7 Ways to Become A DIY Hero

Tools used for do it yourself fixes

Every DIY hero needs some tools!

Is your toilet making an ominous gurgling sound? Front door lock getting harder and harder to turn? Perhaps your doghouse lost a shingle or your light-switch no longer switches.

The normal (non-FIRE) busy professional will confidently tell themselves, “Self, you’re important and have a full-time job!  It’s not worth your time to try and fix that. Plus, you’re a klutz and what if you make it worse?”

Not worth your time. That’s a funny phrase. You’ll see people do this math: 2,087 work hours in a year and if you make $90,000 a year, then your time is “worth” $43/hour. It’s a tempting construction to tell yourself that you’re too busy with valuable activities to bother fixing and fiddling.

But here’s where this theory falls apart: if you aren’t working on fixing something, will you really be using that time to make more money? Or will you be sitting on the couch watching football/cricket/cat-wrestling? And if you’re aiming to live the frugal life, you’ve just got to do this stuff yourself. There’s no justification for paying a plumber $150 to fix a leaky toilet. It’s time to get back to the proud tradition of DIY!

And while the admonition permeates the frugal-sphere to “Just fix it yourself!,”if you’re like most Americans and didn’t grow up in a handy household, how are you supposed to know how to fix what needs fixin’?

While I consider myself a relatively handy fellow, it’s not because I spent the summers of my youth working construction. It’s because I’ve tried, failed, tried again, and laughed at my mistakes along the way. Here’s how Mrs. Frugalwoods and I hone our DIY skills:

  1. The internet is a bountiful font of information (and cat photos). Ever stumble upon an internet forum full of extremely passionate people eager to help others culture their own yogurt or groom their own llama? One of the great secrets of the internet is that there are niche communities for literally everything! Finding the one that you need is the trick. For example: Tiling a Bathroom. The John Bridge forum is all you’ll ever need. Searching for “name-of-job-you-want-to-learn forum” will usually put you on the right path.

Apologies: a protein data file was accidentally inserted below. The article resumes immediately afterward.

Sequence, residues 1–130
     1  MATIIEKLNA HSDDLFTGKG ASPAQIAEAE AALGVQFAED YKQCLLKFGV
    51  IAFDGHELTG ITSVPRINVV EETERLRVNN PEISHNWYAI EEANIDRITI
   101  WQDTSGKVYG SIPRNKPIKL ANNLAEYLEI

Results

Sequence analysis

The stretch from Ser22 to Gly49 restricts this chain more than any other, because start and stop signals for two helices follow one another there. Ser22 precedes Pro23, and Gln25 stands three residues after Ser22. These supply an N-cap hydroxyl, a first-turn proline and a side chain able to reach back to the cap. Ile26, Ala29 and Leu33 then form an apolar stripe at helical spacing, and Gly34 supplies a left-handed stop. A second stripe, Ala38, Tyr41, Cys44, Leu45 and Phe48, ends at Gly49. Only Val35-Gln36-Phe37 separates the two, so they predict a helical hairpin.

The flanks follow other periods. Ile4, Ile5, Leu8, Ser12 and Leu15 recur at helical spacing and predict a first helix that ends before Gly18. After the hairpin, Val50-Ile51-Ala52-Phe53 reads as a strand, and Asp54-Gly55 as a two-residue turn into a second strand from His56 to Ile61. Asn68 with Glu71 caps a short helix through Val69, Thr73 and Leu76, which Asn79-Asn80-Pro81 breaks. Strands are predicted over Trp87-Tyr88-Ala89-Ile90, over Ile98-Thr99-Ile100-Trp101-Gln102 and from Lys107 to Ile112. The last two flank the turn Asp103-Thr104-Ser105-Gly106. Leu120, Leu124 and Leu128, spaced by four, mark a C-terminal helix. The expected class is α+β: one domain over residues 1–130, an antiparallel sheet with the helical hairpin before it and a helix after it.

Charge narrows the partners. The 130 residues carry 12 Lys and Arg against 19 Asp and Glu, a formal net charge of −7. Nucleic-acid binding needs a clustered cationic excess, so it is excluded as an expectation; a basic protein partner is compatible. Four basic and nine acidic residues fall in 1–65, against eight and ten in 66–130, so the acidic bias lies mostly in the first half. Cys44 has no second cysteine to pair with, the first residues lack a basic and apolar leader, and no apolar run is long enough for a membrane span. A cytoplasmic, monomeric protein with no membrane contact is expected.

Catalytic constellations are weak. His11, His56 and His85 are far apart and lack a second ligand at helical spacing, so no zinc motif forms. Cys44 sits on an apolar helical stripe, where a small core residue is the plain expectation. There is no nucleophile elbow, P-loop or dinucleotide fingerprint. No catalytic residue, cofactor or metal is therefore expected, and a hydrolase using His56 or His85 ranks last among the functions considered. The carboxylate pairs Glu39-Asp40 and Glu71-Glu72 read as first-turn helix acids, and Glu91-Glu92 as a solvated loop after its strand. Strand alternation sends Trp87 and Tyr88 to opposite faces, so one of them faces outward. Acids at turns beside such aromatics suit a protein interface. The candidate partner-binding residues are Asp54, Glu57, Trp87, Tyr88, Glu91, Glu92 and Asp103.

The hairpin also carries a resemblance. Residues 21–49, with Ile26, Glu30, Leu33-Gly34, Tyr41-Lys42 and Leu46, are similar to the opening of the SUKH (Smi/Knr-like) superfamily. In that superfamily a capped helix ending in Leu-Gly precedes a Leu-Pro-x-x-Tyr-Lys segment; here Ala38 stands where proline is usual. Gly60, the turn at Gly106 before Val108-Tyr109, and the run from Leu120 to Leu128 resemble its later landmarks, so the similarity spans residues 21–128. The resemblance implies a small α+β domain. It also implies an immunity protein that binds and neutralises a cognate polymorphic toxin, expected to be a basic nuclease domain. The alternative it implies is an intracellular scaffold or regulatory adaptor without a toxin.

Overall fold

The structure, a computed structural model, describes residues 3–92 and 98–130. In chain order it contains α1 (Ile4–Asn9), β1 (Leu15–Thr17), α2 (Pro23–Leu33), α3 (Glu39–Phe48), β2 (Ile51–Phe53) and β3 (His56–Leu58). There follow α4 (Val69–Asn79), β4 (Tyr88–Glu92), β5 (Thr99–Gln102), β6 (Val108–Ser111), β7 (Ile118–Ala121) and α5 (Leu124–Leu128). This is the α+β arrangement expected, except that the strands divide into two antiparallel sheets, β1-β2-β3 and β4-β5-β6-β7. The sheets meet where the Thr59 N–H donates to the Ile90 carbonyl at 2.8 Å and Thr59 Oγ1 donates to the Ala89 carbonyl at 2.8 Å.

2. Offer to help anyone you know who is doing projects at their house. I’ve helped friends, neighbors, and acquaintances build decks, plumb bathrooms, and hang kitchen cabinets. Along the way I’ve seen them make all the mistakes that I now won’t make when working on my own place. Just make it clear when offering to help that you’re unskilled, grunt labor and want to learn. Everyone needs a happy helper on a job, especially one who brings the coffee on occasion. You only have to work with a professional carpenter once to learn enough tricks to save you hundred of hours of frustration in the future.
  3. Shadow a professional. If you do hire a pro to do work, don’t let them toil alone. Fetch tools, sweep the floor, get the coffee, whatever it takes to watch them work. Ask smart questions and praise their craft. True masters of trade are happy to explain the whats and whys of their work. Don’t be annoying, but also remember that you’re paying them and they’re working for you.